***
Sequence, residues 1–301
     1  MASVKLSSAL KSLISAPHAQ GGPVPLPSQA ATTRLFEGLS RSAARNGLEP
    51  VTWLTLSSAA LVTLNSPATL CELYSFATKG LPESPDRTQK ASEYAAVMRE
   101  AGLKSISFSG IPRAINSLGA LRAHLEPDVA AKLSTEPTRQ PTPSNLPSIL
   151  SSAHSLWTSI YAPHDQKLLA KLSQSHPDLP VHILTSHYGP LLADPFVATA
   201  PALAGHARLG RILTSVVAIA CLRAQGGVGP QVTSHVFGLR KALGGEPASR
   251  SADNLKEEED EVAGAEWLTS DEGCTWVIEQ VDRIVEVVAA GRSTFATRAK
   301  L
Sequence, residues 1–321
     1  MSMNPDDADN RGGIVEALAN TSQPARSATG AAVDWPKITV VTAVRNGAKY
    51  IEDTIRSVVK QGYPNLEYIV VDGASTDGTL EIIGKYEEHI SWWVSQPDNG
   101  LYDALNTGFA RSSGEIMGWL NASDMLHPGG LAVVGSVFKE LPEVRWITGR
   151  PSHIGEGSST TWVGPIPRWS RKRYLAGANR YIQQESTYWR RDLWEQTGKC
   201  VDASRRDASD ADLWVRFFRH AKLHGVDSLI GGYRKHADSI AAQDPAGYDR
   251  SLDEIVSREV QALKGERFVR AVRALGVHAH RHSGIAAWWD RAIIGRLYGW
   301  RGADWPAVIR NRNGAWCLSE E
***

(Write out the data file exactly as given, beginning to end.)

Sequence, residues 1–301
     1  MASVKLSSAL KSLISAPHAQ GGPVPLPSQA ATTRLFEGLS RSAARNGLEP
    51  VTWLTLSSAA LVTLNSPATL CELYSFATKG LPESPDRTQK ASEYAAVMRE
   101  AGLKSISFSG IPRAINSLGA LRAHLEPDVA AKLSTEPTRQ PTPSNLPSIL
   151  SSAHSLWTSI YAPHDQKLLA KLSQSHPDLP VHILTSHYGP LLADPFVATA
   201  PALAGHARLG RILTSVVAIA CLRAQGGVGP QVTSHVFGLR KALGGEPASR
   251  SADNLKEEED EVAGAEWLTS DEGCTWVIEQ VDRIVEVVAA GRSTFATRAK
   301  L
Sequence, residues 1–321
     1  MSMNPDDADN RGGIVEALAN TSQPARSATG AAVDWPKITV VTAVRNGAKY
    51  IEDTIRSVVK QGYPNLEYIV VDGASTDGTL EIIGKYEEHI SWWVSQPDNG
   101  LYDALNTGFA RSSGEIMGWL NASDMLHPGG LAVVGSVFKE LPEVRWITGR
   151  PSHIGEGSST TWVGPIPRWS RKRYLAGANR YIQQESTYWR RDLWEQTGKC
   201  VDASRRDASD ADLWVRFFRH AKLHGVDSLI GGYRKHADSI AAQDPAGYDR
   251  SLDEIVSREV QALKGERFVR AVRALGVHAH RHSGIAAWWD RAIIGRLYGW
   301  RGADWPAVIR NRNGAWCLSE E